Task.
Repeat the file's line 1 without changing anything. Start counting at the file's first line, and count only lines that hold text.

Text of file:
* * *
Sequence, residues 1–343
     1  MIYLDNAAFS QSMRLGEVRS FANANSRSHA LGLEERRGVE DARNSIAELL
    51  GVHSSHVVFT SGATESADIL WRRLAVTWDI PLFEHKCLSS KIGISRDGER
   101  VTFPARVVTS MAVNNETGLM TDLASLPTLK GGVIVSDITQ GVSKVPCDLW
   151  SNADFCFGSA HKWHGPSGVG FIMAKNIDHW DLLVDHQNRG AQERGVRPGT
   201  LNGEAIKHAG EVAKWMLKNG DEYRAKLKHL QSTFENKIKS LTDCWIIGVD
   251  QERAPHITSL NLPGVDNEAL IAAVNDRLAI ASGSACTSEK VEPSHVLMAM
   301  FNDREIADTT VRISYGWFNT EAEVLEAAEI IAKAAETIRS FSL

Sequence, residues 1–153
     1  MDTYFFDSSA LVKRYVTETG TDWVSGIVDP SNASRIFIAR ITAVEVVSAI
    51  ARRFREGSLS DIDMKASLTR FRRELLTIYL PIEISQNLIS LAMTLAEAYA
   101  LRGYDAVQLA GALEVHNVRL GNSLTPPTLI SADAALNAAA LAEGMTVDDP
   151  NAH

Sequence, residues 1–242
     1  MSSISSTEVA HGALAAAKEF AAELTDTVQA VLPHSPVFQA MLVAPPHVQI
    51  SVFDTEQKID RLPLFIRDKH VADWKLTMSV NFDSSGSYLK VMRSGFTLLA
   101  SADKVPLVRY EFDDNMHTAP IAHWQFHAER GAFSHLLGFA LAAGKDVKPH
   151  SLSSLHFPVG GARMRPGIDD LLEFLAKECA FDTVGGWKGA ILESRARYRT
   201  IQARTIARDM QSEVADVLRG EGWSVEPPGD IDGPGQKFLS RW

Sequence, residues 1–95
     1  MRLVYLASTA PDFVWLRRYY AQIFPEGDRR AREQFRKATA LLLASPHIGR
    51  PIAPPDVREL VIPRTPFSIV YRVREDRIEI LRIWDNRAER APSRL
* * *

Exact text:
Sequence, residues 1–343